After the sort-of disaster that was Iron Man 2, Marvel released their fourth film in the MCU, which followed Thor (Chris Hemsworth), the God of Thunder. The film is not at all a masterpiece, but it is certainly better than many give it credit for. While I don’t believe it deserves to be among true Marvel hits, it is certainly entertaining and rewatchable. Despite its many flaws, there are a few great moments that make it a worthy inclusion in the franchise.
The best part about Thor is without a doubt Asgard. It’s fun learning about the lore. You want to explore every inch, find every detail and inspect it. It helps that the scenery is ridiculously majestic, giving it another layer of beauty too. The film is also genuinely more fun in this regard than when Thor is cast down to Earth. There are extra layers of depth, development, and general interest that is given to us throughout the course of the movie. The action sequences and set pieces are better crafted, the characters are more entertaining, and there’s a more grounded story.
Like said, when Thor is cast down to Earth and becomes mortal, the story begins to falter. It’s not necessarily horrible, but the plot doesn’t feel like a superhero film is supposed to. Characters pop up all over the place, and it switches back and forth between Earth and Asgard too fast, not giving the audience a chance to let things sink in. There’s some messy writing, which makes the new characters unlikable and boring. Jane Foster, her intern Darcy, and her mentor Erik Selvig are not intriguing. There’s no reason to feel any emotion when they’re onscreen, and the love story dynamic with Thor and Jane just doesn’t work, primarily because it’s focused on too much in the plot.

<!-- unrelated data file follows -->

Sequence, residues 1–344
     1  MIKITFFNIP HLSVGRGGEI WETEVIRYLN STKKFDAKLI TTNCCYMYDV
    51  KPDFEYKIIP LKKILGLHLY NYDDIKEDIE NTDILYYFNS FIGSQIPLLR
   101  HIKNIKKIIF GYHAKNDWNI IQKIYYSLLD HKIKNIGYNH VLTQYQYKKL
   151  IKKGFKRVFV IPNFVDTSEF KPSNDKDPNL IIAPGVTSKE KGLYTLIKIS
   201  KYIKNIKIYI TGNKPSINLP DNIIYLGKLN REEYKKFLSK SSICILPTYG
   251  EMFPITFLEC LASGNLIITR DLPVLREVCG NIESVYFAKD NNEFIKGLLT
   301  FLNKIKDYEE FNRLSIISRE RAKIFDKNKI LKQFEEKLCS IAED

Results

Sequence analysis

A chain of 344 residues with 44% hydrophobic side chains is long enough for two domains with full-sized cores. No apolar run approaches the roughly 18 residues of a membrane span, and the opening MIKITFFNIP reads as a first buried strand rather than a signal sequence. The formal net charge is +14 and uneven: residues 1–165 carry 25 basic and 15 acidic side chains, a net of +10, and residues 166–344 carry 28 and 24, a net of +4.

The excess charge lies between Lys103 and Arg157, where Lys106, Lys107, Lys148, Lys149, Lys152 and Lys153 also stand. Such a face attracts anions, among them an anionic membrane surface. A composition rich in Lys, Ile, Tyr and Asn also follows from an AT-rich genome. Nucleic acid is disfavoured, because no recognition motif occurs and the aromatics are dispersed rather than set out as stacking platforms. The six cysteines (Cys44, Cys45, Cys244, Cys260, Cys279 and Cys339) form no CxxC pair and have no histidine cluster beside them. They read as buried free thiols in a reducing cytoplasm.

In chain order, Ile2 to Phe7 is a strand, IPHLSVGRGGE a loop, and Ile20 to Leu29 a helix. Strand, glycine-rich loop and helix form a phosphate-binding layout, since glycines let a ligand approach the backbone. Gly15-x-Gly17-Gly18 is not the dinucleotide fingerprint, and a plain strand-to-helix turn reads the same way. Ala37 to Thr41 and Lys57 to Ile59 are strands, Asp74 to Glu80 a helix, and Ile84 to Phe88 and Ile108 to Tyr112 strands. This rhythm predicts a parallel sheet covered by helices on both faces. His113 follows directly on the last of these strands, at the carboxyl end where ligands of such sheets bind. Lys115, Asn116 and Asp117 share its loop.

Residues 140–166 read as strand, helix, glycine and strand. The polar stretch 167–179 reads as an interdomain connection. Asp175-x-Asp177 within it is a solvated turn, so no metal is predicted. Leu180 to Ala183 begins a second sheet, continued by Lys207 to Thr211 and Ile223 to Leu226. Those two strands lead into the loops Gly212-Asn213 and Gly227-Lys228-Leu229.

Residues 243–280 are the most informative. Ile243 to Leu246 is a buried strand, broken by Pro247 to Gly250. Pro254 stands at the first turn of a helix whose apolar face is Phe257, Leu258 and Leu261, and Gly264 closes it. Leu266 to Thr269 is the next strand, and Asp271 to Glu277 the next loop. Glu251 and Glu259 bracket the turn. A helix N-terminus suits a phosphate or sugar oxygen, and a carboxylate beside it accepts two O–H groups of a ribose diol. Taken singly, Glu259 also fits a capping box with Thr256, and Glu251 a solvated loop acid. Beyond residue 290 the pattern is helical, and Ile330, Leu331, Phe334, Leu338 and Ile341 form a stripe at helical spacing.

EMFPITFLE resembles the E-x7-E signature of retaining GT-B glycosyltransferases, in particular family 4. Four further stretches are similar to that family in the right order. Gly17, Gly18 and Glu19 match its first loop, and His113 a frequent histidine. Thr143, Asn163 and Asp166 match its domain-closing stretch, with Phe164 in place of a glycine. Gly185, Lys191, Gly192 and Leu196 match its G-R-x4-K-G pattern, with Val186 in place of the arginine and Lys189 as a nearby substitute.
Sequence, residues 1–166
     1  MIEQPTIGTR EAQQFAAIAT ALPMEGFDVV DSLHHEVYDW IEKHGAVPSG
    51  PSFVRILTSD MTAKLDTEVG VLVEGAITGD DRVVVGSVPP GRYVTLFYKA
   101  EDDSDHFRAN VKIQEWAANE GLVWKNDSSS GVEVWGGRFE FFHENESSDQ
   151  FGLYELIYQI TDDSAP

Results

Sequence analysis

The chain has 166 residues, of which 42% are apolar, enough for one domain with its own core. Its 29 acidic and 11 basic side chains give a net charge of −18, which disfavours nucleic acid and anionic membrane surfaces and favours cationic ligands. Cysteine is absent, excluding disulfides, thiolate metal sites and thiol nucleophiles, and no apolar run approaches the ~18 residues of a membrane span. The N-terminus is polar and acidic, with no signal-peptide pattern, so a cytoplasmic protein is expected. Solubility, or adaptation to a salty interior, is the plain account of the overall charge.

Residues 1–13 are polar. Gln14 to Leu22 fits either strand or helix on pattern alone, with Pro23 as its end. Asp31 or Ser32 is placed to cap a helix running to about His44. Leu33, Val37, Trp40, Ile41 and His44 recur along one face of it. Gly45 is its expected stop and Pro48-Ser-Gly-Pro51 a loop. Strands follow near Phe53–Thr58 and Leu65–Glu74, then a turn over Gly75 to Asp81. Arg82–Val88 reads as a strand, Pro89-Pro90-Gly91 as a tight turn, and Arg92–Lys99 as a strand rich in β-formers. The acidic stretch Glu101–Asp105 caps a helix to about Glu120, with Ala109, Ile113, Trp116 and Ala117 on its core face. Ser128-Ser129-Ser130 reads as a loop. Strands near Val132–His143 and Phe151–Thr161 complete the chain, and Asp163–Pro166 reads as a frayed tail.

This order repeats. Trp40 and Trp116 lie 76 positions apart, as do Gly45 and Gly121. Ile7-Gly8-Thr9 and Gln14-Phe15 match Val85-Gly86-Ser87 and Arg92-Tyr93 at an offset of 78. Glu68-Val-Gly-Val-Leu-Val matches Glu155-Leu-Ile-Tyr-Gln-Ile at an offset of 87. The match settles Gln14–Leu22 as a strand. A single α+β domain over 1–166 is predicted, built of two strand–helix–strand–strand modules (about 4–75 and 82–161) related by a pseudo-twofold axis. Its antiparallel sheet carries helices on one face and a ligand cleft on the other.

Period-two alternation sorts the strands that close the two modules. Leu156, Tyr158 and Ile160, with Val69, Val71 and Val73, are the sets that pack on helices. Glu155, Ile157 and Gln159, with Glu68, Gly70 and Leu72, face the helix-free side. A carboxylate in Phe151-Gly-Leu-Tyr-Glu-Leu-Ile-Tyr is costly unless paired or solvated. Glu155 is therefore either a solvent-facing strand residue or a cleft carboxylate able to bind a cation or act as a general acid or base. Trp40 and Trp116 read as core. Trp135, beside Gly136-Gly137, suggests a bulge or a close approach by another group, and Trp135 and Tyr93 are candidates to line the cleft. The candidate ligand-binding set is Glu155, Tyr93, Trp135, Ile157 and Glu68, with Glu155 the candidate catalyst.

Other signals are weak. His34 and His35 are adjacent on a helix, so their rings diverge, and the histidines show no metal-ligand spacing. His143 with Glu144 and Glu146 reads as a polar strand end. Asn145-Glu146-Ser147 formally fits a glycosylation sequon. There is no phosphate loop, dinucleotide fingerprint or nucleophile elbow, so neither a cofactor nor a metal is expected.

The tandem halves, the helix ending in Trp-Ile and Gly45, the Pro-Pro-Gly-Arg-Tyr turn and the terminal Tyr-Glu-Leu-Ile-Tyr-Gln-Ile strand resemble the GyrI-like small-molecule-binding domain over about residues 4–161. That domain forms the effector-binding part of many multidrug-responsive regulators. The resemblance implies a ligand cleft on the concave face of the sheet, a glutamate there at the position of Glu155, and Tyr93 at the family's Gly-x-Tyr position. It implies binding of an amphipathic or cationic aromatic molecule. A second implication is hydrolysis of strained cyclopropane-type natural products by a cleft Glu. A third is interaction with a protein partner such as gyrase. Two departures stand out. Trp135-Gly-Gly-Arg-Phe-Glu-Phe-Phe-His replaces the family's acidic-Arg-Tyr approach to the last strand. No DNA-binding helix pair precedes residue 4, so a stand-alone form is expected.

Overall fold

The best part of the film is by far Loki (Tom Hiddleston). He basically carries an entire subplot on his own, which ends up being the most interesting one. Loki is a hard character to put in a universe like this because of his differentiating personalities. He’s the God of Mischief, and yet he still has to walk an emotional line, learning more about what he is, where he came from, and what that means for the sake of Asgard. However, that makes him a terrific villain because of his struggle for control and power in a world where he isn’t sure where he belongs. Tom Hiddleston’s performance is also captivating and enjoyable.
The other major villain, Laufey, is the exact opposite of Loki. For one, he’s not any fun. While the action sequences set in Jotunheim are some of the better ones in the film, the leader of the Frost Giants is neither compelling nor any fun. He’s too serious, and he just relies on his minions to do all the work. While the backstory behind the Frost Giants is interesting, that makes it all the more maddening when you don’t get to see any emotional context.
Thor isn’t a good film, but it’s an entertaining one. It more or less serves a purpose in setting up the MCU, and that lifts up its status in the franchise a bit. The writing is campy for the most part, but Loki’s subplot is extraordinarily emotional and intriguing. The acting is primarily good, and the world-building is without a doubt well-done.
Thor stars Chris Hemsworth, Natalie Portman, Tom Hiddleston, Stellan Skarsgård, Colm Feore, Ray Stevenson, Idris Elba, Kat Dennings, Rene Russo, Anthony Hopkins, Jaimie Alexander. Directed by Kenneth Branagh.